Stressful and Unpredictable

Portland traffic is “stressful and unpredictable,” according to one of the co-authors of the Texas Transportation Institute’s urban mobility report. In fact, by some measures, Portland has the sixth-most-congested freeways in the nation, after DC, New York, Los Angeles, Bridgeport, and (strangely) Provo-Orem.

There are other measures by which Portland isn’t quite so bad, though overall Portland ranks 17th even though it is the 23rd largest urban area. The significance of the freeway number is that it is based on actual measurements of traffic by Inrix, while most of the other measures are calculated based on estimates of miles of driving and lane miles of roads. The Antiplanner has never trusted these calculations because a lane mile of highway built in 2000 has a far greater capacity to move traffic than one built in 1950. Thus, the measure that ranks Portland sixth-worst is probably one of the most reliable in the report.

Portlandia supporters, of course, attempt to double-talk their way out of this. The mobility report, says one, “ignores differences in trip distances among metro areas and how trip distances have changed over time.” The Texas people disagree, saying they do take distances into account. Moreover, a look at census data reveal that the average Portland commuter takes 24.2 minutes to get to work, which about the same as in other urban areas of similar size (Minneapolis is 23.4 minutes; Denver is 25.7; St. Louis is 23.6; Cincinnati is 22.8; San Antonio 23.8). Since census data also show that 85 percent of Portland-area commuters still take autos to work, Portland’s investments in transit and bike paths have, at best, merely nibbled at the edges of the problem.

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17 thoughts on “Stressful and Unpredictable

  1. C. P. Zilliacus

    The Antiplanner wrote:

    The Antiplanner has never trusted these calculations because a lane mile of highway built in 2000 has a far greater capacity to move traffic than one built in 1950.

    Two thoughts:

    (1) Many (unfortunately not all) of the freeways designed and built in the 1950’s have been reconstructed or will be reconstructed if the money is available.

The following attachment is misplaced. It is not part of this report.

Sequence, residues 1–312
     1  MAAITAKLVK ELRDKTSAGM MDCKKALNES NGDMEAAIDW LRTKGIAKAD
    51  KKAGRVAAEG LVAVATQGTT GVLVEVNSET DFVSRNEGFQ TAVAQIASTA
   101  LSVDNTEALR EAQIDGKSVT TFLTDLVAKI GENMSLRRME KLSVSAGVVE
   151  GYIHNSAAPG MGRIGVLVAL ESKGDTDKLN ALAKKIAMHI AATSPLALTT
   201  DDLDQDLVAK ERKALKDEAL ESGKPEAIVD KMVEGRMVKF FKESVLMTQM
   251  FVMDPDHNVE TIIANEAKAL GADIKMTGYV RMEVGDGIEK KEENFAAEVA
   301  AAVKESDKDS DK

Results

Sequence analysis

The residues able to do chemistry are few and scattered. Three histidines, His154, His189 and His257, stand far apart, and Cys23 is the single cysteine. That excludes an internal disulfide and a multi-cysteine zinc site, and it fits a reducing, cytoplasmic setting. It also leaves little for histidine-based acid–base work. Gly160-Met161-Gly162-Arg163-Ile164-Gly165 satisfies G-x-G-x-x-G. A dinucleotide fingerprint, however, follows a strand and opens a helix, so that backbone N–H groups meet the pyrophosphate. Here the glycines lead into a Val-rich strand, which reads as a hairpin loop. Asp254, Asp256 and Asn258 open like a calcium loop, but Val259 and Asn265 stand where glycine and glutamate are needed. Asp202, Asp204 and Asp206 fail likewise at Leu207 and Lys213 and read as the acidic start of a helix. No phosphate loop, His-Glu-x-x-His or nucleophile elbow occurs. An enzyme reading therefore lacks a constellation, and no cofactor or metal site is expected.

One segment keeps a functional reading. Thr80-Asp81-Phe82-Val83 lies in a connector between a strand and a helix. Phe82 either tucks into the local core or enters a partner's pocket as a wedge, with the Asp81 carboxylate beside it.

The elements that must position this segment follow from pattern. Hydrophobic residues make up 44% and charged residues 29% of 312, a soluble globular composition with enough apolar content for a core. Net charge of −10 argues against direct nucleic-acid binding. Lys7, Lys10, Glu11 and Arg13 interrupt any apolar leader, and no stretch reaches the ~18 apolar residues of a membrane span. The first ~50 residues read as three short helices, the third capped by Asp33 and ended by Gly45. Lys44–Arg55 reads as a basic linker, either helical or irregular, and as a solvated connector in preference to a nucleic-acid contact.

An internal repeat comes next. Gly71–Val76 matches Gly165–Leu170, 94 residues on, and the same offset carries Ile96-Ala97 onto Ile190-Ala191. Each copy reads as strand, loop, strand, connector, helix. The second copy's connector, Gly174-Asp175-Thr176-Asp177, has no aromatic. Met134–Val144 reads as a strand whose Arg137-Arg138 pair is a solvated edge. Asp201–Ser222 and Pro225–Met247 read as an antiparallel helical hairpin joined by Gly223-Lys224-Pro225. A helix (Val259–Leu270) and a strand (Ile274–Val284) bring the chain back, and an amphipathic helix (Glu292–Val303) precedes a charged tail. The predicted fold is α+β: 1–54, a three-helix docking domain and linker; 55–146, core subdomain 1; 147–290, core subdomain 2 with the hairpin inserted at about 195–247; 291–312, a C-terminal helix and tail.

(2) Any freeway will be more effective if we can assure that the freeway runs at an optimal flow (in most cases, something slightly less than 2,000 vehicles per lane per hour). We can do that by pricing scarce highway capacity to prevent volumes from getting so high that traffic flow breaks down (level of service “F” as the transportation geeks call it).

  2. C. P. Zilliacus

    Beyond pricing, the Antiplanner also knows a lot about self-driving cars, which will presumably allow us to get more capacity out of the highway network.

    National Geographic has a pretty good posting about self-driving vehicle technology here.

  3. LazyReader

    While freeway building was a national pasttime in the 50’s; It was by the 60’s onward that almost every city began the mass opposition of new freeways. Atlanta, Baltimore (my hometown where we as kids dispised the loud, dirty, litter strewn and ugly freways that always appear to be under construction), Boston, Cleveland, Long Island, Los Angeles, Memphis, Milwaukee, Minneapolis, New Orleans, New York, Philadelphia, Phoenix, Pittsburgh, Portland, San Francisco, Seattle, and Washington, D.C. all assembled huge protest and opposition to new freeways many of which would bisect their neighborhoods or force them to be evicted. Massachusetts was the greatest example of protest; The Central Artery had cut a swath through Downtown Boston neighborhoods, creating one of the greatest eyesores in urban America during the 1950s. Because of this, it would earn its nickname “The Green Monster”, both a play on its greenish color and it’s vast size. Portland saw it’s fair share. In addition to the cancellation of three proposed freeway routes, Portland saw another milestone in the freeway revolts: the destruction of an already-existing freeway. The first freeway to be built through the city, Harbor Drive. The removal of Harbor Drive was not very controversial; the construction of I-5, and I-405 through the core, had made Harbor Drive unnecessary and obsolete. The Trans-Texas Corridor has been cancelled, given it’s 4,000 mile $180 billion fiasco which would have required about 584,000 acres (2,360 km2) of land to be purchased or acquired through the state’s assertion of eminent domain much to the dismay of Texan’s. I flow to the side of skepticism that more freeways would solve traffic problems.